Monday, April 12, 2010

Color errors in printing

A couple of centuries ago, a gentleman had to diligently practice his fencing to survive. Today a technologist has to diligently practice his google-fu to survive.
Last week I noted in Vanity Publishing how a recent study had shown that for self-publishing and photo-books color accuracy is not an important quality factor. Does this mean we can just forget about color quality and invest our time into something more useful?

Vanity publications are only a small part of the total color printing market, and there are many customers that care a lot about color accuracy. In Silicon Valley's distorted reality field it is easy to get caught up in the hype and think everywhere it is like here. Sure, fresh MBAs turn their thesis on a printing related Web service into a start-up and then hire logistics experts to squeeze out good profits, or at least good investors, and think investing in good press people is a waste of resources, but in the real world there are many highly competent press people who make a decent living while contributing to society.

Therefore, I decided to practice my google-fu to learn what is out there. I could navigate to UGRA, FOGRA, GATF, TAGA, and all the other experts, but I was interested in learning what exists out there in the wild.

There are many competent color printers out there who know what they are doing and do not get confused by ICC profile versions. One who came out on Google's first result page was Ing. Rainer Wagner of WPC. His site is very competent and his data is consisted with my own experience. The fact that he openly shares it is another mark of his competence. So let us have a look at his data on tolerances in spectral color measurement.

tolerances in spectral measurement

The green line denotes the minima in his tolerances, while the maxima are in red. It is good engineering practice to first consider the big problems, then proceed towards the small potatoes (business people tend to go for the low-hanging fruit).

The biggest error source is the provenience of the ICC profiles. Most standards are not about how something should be done; rather, they specify how an output looks so the next entity in the workflow can process it. For example, JPEG does not specify how to encode an image, it specifies how to decode an image. Standard bodies enable to implement in an interoperable way the very best technology, but they never say anything of how the technology is implemented, other than giving examples to get interested parties started. The implementation is where businesses differentiate and compete.

In this spirit, the various providers of ICC profiles, as well as the producers of profiling software, have products at various quality levels so they can compete in every market. If they are interested in the high-end market, they will hire skilled color scientists; if they are just interested in making a buck in the mass-market, they may just hire cheap labor in a low-wage country.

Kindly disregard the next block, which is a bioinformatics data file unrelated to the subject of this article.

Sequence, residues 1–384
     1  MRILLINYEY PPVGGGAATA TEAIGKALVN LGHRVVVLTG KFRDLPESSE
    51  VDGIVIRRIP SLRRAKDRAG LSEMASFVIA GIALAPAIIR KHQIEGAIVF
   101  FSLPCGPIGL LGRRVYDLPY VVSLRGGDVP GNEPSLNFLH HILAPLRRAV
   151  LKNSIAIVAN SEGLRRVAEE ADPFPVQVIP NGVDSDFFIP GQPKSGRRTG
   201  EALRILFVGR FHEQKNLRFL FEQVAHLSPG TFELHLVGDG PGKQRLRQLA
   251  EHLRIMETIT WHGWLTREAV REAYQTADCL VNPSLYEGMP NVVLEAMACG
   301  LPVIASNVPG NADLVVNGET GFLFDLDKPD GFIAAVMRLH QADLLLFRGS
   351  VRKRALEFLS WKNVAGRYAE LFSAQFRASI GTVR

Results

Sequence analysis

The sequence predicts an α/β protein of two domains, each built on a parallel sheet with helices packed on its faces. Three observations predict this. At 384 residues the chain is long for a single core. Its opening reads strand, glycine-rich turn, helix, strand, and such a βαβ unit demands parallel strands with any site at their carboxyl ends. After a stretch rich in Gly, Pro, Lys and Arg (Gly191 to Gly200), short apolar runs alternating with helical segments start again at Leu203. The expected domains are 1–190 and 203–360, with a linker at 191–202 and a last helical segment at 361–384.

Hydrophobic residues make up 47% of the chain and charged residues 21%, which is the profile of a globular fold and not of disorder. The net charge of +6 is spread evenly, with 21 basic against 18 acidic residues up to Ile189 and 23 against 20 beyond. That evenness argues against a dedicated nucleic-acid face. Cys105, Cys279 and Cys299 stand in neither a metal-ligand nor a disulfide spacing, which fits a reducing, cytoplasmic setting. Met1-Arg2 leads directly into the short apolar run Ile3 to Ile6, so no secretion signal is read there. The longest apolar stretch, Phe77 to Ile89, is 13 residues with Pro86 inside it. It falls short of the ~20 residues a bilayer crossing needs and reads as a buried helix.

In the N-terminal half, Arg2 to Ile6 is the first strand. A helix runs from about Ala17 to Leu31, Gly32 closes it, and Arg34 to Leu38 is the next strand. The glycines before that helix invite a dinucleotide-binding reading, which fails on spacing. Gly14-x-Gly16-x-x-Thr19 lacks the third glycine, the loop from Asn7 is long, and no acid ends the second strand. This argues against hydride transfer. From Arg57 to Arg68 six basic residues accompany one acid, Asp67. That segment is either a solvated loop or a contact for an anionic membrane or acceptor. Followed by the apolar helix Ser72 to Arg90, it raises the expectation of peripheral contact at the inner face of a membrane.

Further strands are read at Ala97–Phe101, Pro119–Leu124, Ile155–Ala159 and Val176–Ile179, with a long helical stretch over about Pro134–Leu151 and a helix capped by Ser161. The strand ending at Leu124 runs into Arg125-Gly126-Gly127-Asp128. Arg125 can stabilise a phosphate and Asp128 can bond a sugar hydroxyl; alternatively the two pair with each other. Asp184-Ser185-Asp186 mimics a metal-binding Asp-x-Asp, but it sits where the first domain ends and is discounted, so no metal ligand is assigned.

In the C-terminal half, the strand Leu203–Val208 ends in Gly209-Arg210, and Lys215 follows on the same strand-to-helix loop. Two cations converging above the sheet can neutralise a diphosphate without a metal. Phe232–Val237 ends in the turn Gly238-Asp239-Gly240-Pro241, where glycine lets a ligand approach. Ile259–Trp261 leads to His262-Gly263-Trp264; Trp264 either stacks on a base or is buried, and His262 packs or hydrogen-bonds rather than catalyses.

Therefore, a good printer must be knowledgeable on the various sources of ICC profiles. When a job comes in, the printer will look at the embedded profiles to gauge their producer's reputation, then he can assess what quality level is realistic and manage the customer's expectations. If external profiles are specified, the good printer will have good profiles at hand.

Next down is the color difference between a proof printer and a press. This is a tough problem for offset and gravure printing, but in digital printing it is a non-issue, because the press is used for proofing.

I was surprised next on the list is the error introduced by color transformation algorithms in color management modules. I thought that after 25+ years all color transformation problems would have been solved. What happened? If you know, please leave a comment.

It is not a surprise there is no perfect agreement between instruments. Once at a lecture at RIT, Dr. Robert Hunt made the comparison that performing a color measurement is like placing a color chart in the fireplace, view it with a looking glass from the roof though the chimney, while the spouse would illuminate it by shining a flashlight from the garden.

Indeed, designing color measurement apparata is a very difficult art. What is the sphere diameter? Where are the baffles located? How big are they, etc. Measurements can only be compared if they are made with instruments using exactly the same head geometry.

Press drift is another number that surprises me. Online feedback loops based on viscosity measurements and online spectrophotometers should allow very tight tolerances. I am not a press person, so I cannot explain this large tolerance.

Today the drift of a proof printer is very small, and a diligent printer will not have much trouble keeping the drift below the perceptual threshold.

The tolerance for measurements with the same instrument can be made very small. However, it is surprising to see how often things get out of control. The instrument tilt is very critical, as is the diligent calibration. It is not only a matter of the instrument itself, but also of the operator. Therefore, techniques like collaborative testing and periodic absolute calibration are essential for high quality color printing (see here for details).